Microaggressions Will Sabotage Results Quickly


Note: Everyone is experiencing a lot of fear right now, consciously and unconsciously. It will be expressed through upset, anger, withdrawal, or microaggression. Learn how to handle these microaggressions because they will impact future interactions.

Microaggressions are verbal and behavioral exchanges that subtly marginalize others. (Wikipedia)

A microaggression could be as simple as refusing to say “good morning” to your co-worker. Another example is when someone publically refuses to support your promotion after privately telling you they would. These behaviors and words (or lack of) will have an emotional impact on you and others.

Microaggressions directed at you will challenge your leadership effectiveness and results when you don’t address them because they will continue if not stopped in their tracks.

While others may tell you to “just get over it,” it’s not that simple. Usually, microaggressors use race, gender, age, or other factors against you. These can be difficult to forget since they are important components of who you are. (Ascend, Harvard Business Review)

Years ago when I attempted to resolve an employee issue with George, a general manager in a manufacturing company, he told me, “You don’t know what you’re talking about since you’re a woman.” (Yes, he used those exact words.) Wow! That one hurt. While I knew he was used to doing things his own way, this mindset didn’t resolve the issue. Thankfully, there was an older and wiser human resource manager next door. He gave me great advice. “Go and visit his facility. Have him take you on a tour of the plant. Ask him good questions. Then, thank him for his time.” I did as I was coached to do. It was successful. Several years later when George retired, he insisted I review his retirement package before he would sign it!

3 Keys to Personally Move Past Microaggressions

While you cannot control microaggressions from happening to you, you can control your reactions and become resilient when faced with them.

Practice Mindful Breathing. When a microaggression first hits you, you may be in shock. Concentrate on breathing to release the disbelief and stress it just created. Breathe in for a count of 5. Pause. Exhale for a count of 10. Repeat at least twice. (This really works.)

Don’t Keep It to Yourself. The microaggressor’s words or gestures will fester and impact your own words, gestures, and mindset in any future interactions with the microaggressor and others. (No matter how objective you think you are!) Talk with your executive coach or mentor to expand your POV. Then, create an action plan to resolve it before moving forward.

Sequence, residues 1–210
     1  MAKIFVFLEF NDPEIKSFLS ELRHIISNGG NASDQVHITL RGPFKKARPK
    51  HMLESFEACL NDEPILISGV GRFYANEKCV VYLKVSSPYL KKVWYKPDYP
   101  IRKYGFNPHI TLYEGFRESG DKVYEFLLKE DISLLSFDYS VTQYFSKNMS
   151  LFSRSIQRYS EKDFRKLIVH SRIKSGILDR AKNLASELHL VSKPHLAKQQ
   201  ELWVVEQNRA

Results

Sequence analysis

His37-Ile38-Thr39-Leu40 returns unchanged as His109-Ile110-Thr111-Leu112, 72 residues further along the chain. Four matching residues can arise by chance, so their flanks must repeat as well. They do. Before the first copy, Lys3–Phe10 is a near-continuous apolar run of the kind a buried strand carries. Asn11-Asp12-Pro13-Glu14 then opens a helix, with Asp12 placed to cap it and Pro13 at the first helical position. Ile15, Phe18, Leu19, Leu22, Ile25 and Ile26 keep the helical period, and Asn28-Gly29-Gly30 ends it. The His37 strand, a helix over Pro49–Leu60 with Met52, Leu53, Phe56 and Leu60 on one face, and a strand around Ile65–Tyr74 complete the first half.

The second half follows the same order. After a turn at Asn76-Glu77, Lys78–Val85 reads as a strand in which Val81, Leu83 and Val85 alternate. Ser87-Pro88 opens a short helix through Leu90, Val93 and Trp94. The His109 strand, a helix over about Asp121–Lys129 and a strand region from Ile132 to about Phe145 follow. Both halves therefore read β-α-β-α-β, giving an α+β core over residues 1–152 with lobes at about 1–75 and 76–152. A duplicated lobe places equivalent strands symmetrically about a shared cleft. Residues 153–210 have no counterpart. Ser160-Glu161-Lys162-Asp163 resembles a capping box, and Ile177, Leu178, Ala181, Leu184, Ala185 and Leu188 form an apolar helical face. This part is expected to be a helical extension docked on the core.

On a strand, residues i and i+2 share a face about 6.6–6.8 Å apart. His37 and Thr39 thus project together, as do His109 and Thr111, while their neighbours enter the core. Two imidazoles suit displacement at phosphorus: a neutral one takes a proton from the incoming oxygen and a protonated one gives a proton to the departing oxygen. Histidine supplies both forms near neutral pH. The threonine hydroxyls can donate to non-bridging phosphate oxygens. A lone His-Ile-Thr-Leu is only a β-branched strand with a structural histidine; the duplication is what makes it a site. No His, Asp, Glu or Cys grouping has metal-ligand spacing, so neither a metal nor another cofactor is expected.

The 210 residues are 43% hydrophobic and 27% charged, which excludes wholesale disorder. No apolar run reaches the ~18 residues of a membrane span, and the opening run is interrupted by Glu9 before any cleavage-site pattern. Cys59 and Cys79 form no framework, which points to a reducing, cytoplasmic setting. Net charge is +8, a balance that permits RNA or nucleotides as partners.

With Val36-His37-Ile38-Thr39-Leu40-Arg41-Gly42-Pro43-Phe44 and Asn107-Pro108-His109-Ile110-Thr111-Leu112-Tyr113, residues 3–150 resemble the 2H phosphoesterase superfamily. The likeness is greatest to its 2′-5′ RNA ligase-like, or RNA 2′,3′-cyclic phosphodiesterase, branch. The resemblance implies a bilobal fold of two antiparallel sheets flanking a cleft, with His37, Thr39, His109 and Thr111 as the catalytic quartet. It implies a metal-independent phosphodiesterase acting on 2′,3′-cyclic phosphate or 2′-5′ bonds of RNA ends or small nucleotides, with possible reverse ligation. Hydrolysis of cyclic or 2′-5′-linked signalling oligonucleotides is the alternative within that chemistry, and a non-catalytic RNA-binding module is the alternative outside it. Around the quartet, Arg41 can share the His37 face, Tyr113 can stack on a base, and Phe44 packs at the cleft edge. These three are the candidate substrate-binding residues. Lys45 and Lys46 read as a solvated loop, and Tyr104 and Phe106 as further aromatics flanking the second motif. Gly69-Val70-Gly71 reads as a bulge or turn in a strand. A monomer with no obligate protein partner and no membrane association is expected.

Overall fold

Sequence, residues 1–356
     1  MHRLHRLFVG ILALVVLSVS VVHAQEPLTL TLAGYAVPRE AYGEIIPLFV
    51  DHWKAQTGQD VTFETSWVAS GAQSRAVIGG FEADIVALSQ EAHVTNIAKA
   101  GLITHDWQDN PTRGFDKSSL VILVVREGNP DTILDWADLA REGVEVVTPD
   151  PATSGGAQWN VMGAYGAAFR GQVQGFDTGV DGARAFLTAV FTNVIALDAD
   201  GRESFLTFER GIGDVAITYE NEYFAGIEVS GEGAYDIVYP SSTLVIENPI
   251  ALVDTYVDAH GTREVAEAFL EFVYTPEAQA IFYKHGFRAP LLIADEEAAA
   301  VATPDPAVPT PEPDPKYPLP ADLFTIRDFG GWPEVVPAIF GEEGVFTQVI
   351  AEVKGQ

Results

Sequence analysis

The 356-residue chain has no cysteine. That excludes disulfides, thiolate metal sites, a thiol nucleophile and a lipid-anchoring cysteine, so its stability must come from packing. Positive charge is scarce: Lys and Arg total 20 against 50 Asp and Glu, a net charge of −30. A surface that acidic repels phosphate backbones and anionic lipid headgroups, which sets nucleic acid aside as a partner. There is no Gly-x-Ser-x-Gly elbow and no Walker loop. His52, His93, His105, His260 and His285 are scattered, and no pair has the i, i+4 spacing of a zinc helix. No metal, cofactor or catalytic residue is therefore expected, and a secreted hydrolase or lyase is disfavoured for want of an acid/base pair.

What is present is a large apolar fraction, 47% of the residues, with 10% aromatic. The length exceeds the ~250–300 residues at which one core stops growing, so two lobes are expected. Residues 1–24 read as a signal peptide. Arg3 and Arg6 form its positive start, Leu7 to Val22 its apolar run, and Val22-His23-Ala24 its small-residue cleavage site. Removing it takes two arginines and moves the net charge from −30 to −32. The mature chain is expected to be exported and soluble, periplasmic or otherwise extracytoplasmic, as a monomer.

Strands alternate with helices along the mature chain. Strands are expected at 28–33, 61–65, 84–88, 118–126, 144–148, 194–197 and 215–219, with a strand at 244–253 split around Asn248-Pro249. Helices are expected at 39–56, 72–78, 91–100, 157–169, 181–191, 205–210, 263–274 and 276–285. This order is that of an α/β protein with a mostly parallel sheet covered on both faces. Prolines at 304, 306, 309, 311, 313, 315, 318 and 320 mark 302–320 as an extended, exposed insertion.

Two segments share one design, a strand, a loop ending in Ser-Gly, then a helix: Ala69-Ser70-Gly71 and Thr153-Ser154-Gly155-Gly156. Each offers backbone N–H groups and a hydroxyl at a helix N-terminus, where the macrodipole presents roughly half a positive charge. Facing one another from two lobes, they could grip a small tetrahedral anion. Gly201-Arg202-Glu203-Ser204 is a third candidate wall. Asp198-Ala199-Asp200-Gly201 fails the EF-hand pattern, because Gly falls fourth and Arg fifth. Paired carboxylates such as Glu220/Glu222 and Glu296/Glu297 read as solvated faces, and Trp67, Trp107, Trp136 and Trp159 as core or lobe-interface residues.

Talk It Out. Since microaggressors thrive in unresolved conflicts, have the tough conversations required to deal with the issue now. (Yes, now.) These can be difficult since they will deny that they meant anything by the inappropriate comments or gestures. (They may not even know they did it.) Stick to the facts and be prepared for their circular logic.  If necessary, have an objective third person involved.

4 Ways to Prevent Microaggression in Your Workplace Culture

As a leader, know there are several reasons microaggressors can be disruptive. Review your company’s hiring, coaching, training, and managing practices to prevent microaggressions.

  1. Improve Communication Skills. Many people only have 6th-grade reading and writing skills and are unable to adequately express themselves. Also, as the global market expands, people’s ability to adequately express themselves in different situations will be a challenge. Focused and interactive communication workshops can help bridge the gaps.
  1. Encourage Participation. Some people hate participating in brainstorming and decision-making processes. Others love the controversy they can cause. Remember, failure to effectively coach and manage these individuals as valuable contributors will sabotage your results.

I wasn’t surprised when a team member for a new project I would be facilitating said to me, “I don’t like the group and won’t like any of their ideas.” I knew he believed he could get the program done faster and better by doing it on his own. I encouraged him to share his concerns upfront. The team listened, then, together we worked through the team brainstorming and planning processes. After the successful conclusion of the program, he admitted the results were better than he could have achieved on his own. He shifted from being a potential microaggressor to a valuable contributor by participating.

  1. Hire and Coach for Job Fit. Over 70% of employees work in jobs they don’t like or have no interest in doing. This can occur at any level within a company. Many times these disengaged people become microaggressors instead of creating a solution to their career dilemma. As the leader, use a qualified job fit assessment to objectively understand why they do not fit their current jobs. Then, realign their work responsibilities for job fit.
  1. Address Blind Spots. Everyone has blind spots. As a leader, your words and gestures speak louder and carry more weight than if expressed by someone else. Work with your executive coach and use a qualified job fit assessment and a 360-degree feedback assessment to undercover why. Also, provide this resource to each of your team members.

Microaggressions can happen anywhere at any time. These tips will help you be prepared and prevent them from disrupting the results of your team.

©Jeannette Seibly, 2020

Jeannette Seibly is an award-winning dynamic results coach and keynote speaker. For the past 27 years, she has guided the creation of leaders to excel in achieving results. Are you ready for an unprecedented 2020? Contact Jeannette today for straight talk with dynamic results. Don’t forget to listen to On the Air with Jeannette Seibly, It’s Your Time for Success on Anchor.FM or YouTube.com.

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